Stay up to date on the Redskins. Rich Tandler covers the team 365 days a year. Like his Facebook page Facebook.com/TandlerCSN and follow him on Twitter @Rich_TandlerCSN.

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Of course you do, because that storyline, as well as others like the Vernon Davis fumble(?) and Pierre Garçon penalty have been talked about plenty following the Redskins' 26-24 W over the 49ers on Sunday.

But there are other angles that have been under analyzed from the Week 6 matchup. So as fun as it is to celebrate Chris Thompson's brilliance, put that on hold for a minute and think about these five discussion points.

1) A big recovery by a big man 

One of the most underappreciated plays in football is a fumble recovery by an offensive player. Most of the time, players and fans are just mad that the offense fumbled and ignore the fact that the outcome could've been a whole lot worse.

Do you remember Trent Williams falling on a Chris Thompson fumble early on the Redskins' first drive? Maybe some of you do, but plenty of others probably don't. But because Williams was aware and smothered the ball before a Niner defender could, the Redskins were able to continue their possession and eventually finish it with a touchdown.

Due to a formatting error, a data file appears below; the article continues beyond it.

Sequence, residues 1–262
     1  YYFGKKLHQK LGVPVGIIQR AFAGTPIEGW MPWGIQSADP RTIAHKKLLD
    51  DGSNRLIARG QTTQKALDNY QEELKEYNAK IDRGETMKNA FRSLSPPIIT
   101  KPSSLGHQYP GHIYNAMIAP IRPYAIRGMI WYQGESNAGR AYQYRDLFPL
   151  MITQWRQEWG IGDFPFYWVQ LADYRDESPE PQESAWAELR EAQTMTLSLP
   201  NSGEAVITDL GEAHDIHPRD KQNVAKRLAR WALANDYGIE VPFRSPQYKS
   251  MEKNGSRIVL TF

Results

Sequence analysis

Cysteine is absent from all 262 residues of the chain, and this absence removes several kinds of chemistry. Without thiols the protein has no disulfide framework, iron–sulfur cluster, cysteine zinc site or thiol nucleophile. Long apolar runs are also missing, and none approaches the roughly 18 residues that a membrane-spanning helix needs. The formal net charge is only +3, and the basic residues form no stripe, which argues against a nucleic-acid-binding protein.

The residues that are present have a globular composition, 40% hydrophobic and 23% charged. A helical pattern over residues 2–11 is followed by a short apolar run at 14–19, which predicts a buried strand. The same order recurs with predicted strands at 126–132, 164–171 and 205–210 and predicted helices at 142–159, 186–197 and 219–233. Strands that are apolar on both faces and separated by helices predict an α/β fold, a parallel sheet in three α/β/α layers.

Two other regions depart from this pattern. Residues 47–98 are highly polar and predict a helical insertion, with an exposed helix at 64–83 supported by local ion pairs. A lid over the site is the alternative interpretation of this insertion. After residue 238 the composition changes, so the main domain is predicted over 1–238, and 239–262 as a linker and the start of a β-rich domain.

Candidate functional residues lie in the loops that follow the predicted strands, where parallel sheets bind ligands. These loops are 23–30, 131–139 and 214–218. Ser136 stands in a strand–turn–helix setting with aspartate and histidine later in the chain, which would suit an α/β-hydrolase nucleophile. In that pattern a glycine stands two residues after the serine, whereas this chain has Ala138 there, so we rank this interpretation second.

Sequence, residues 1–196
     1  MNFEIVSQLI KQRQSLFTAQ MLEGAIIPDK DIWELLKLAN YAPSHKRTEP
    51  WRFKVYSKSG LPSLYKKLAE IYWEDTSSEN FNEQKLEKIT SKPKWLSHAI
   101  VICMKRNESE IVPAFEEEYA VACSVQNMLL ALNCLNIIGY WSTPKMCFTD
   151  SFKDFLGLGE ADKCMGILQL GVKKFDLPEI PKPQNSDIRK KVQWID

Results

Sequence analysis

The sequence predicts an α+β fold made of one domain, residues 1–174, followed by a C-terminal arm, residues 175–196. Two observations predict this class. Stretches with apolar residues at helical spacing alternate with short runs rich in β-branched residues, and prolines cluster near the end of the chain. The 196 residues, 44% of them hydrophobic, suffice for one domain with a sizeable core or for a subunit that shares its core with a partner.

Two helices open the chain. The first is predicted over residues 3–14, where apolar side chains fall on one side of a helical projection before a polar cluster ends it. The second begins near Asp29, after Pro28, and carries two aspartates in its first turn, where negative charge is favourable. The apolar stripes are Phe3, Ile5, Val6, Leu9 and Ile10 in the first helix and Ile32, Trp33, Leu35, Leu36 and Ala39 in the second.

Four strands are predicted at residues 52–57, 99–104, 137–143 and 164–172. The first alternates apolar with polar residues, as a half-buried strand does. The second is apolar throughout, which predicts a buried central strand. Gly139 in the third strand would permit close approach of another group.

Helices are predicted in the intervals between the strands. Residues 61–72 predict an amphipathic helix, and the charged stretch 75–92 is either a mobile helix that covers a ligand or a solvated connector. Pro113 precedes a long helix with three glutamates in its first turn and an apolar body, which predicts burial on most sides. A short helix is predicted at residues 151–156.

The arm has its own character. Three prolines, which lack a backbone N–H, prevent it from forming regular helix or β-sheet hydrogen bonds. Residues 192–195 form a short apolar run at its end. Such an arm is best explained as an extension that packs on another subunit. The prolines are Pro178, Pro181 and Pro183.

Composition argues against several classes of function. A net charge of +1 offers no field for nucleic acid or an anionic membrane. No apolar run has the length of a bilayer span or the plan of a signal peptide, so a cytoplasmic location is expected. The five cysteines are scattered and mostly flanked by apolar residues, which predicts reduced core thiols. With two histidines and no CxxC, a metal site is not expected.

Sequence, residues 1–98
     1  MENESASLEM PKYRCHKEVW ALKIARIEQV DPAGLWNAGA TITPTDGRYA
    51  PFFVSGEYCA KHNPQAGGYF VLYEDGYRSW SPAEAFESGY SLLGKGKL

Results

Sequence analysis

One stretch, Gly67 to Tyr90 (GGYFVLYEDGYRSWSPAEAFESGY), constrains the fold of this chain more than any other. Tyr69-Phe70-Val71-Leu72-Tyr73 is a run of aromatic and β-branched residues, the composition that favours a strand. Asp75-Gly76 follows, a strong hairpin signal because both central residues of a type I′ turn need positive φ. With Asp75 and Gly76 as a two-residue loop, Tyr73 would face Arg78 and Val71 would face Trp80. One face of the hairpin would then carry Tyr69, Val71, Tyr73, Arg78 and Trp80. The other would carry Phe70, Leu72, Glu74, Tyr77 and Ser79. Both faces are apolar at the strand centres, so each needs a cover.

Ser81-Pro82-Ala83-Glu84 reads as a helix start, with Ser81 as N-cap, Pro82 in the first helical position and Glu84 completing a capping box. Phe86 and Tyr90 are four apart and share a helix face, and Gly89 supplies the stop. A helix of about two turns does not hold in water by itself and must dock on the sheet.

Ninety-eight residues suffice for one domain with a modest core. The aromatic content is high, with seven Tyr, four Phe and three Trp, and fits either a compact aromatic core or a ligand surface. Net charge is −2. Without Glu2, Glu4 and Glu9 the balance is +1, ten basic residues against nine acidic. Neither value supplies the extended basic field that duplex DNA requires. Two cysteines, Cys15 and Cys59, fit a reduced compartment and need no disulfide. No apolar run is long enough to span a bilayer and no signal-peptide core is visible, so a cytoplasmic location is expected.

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On Washington's previous possession — which concluded with a 21-yard field goal — Cousins scrambled for an 18-yard gain, but instead of sliding at the end, he decided to take on San Fran safety Jimmie Ward. The two collided and thumped each other pretty hard, and while the QB may have earned some respect, he also said postgame that Williams immediately reminded him that he should've slid instead.

Was it entertaining to watch a signal caller try and run over a safety? Sure. But was it smart? Not at all. The Packers saw their star quarterback come out on the wrong end of a punishing hit Sunday, and the Redskins just as easily could be feeling their pain.

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Six snaps before Cousins' rushing TD, the rookie barely converted on a third-and-2 by pushing the pile and refusing to be brought down short of the sticks. Again, his first year as a pro hasn't been excellent, but that was one he deserves credit for.